A storm in the northeastern United States late this week will bring rain and heavy snow, followed by another push of arctic air.
This storm may produce significant snowfall in parts of New England and rain from Washington, D.C., to New York City. In Boston, rain may change to snow before the storm departs the area on Thursday night.
Those hoping for cold air and snow to return to the Northeast will be in luck.
A storm track close to the coast would bring mainly rain to the Interstate 95 corridor. However, a track farther off the coast could bring enough cold air for snow to make an appearance.
“Locations from Washington, D.C., to New York City are expected to stay too mild for any snow from this storm,” AccuWeather Meteorologist Renee Duff said.
“However, interior New England is setting up to be the prime locations for significant snowfall from this event,” Duff said.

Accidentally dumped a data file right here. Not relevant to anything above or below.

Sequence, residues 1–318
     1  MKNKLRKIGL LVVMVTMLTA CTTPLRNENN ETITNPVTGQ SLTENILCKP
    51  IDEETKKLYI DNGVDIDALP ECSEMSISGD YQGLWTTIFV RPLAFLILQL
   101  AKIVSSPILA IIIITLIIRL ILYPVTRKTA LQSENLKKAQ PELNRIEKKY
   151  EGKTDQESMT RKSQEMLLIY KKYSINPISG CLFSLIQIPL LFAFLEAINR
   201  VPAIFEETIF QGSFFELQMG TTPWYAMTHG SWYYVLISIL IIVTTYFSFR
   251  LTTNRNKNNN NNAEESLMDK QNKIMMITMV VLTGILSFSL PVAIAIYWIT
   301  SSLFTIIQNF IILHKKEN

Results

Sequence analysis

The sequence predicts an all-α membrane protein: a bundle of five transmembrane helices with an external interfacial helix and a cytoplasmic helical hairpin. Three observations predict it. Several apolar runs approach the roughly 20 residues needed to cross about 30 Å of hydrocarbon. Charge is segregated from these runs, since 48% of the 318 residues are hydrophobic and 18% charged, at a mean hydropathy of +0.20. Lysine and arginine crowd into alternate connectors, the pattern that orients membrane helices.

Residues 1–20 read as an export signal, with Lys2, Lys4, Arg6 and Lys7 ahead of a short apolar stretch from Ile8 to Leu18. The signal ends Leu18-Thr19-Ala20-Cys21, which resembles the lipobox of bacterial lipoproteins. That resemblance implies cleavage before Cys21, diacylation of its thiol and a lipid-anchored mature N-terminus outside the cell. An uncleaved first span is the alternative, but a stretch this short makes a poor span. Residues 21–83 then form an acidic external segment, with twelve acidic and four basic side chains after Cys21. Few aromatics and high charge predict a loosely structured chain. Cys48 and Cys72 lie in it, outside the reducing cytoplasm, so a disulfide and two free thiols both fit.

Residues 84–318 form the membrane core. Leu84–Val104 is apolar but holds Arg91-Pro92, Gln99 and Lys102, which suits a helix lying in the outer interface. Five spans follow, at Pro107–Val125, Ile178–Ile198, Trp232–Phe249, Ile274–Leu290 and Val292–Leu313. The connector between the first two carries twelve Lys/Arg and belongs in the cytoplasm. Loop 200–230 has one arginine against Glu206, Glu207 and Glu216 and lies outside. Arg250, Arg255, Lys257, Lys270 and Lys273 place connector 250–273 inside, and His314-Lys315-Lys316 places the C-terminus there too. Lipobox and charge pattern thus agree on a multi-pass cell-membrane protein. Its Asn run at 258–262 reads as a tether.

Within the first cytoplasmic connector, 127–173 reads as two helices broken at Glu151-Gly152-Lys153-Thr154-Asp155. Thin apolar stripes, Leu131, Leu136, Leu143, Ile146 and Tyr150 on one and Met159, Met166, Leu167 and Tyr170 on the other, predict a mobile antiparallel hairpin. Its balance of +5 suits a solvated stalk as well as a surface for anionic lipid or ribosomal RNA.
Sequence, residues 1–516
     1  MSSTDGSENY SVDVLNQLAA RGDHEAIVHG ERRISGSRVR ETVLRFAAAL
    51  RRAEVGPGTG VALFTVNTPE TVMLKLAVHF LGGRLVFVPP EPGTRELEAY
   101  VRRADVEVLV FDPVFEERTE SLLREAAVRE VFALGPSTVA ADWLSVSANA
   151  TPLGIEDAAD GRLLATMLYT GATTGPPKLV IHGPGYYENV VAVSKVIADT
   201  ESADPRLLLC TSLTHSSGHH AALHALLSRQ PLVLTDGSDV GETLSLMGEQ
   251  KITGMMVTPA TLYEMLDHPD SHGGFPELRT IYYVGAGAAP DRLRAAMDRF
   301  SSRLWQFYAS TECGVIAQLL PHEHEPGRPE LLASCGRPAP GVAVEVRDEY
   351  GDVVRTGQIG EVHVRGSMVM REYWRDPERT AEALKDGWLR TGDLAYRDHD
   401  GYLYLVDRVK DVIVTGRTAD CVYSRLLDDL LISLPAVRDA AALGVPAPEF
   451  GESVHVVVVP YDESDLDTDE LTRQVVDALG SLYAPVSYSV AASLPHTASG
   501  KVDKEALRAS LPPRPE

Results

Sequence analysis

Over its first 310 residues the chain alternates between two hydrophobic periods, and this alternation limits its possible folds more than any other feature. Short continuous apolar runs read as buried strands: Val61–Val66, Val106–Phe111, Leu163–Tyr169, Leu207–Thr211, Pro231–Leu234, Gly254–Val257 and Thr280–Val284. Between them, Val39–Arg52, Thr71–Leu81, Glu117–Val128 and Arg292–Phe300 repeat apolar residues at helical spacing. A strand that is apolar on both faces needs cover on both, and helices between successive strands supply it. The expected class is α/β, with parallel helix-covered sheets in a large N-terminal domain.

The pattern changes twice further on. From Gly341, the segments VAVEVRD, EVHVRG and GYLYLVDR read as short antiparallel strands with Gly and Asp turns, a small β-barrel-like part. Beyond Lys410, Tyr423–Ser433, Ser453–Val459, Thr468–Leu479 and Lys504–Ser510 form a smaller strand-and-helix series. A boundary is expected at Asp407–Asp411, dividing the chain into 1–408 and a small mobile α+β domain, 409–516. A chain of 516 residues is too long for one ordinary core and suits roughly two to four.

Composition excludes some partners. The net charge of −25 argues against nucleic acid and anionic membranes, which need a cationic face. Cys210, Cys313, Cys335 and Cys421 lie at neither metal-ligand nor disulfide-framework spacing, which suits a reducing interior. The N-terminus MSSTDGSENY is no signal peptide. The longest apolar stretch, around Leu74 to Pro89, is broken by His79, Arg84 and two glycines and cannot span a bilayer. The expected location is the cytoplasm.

Between 6 and 12 inches of snow could fall across parts of New England by the end of the week.
Where the heaviest snow falls, roads will quickly become slippery and snow-packed. Travel delays are likely for anyone traveling for any New Year’s festivities.
Cold air will quickly build across the region as the storm departs on Friday. Any wet or slushy roads could turn icy by early Friday morning as temperatures fall at or below freezing.
Highs to end the week will be near 40 F along the Interstate 95 corridor and the 20s and 30s across the interior.
The wind accompanying the cold air will result in AccuWeather RealFeel® Temperatures ranging from 5 to 20 degrees lower than the actual temperature.
The arrival of cold air will benefit skiers hoping to enjoy the new powder. The cold air will also lead to the development of lake-effect snow downwind of the Great Lakes.
However, the chilly air will be brief.
“This is a fast-changing weather regime, so the Northeast will experience fluctuating temperatures through the end of 2016,” AccuWeather Chief Meteorologist Elliot Abrams said.
Dry weather looks to hold for New Year’s Eve in New York City with temperatures in the 30s.
“It could be milder again to start the new year,” Abrams said.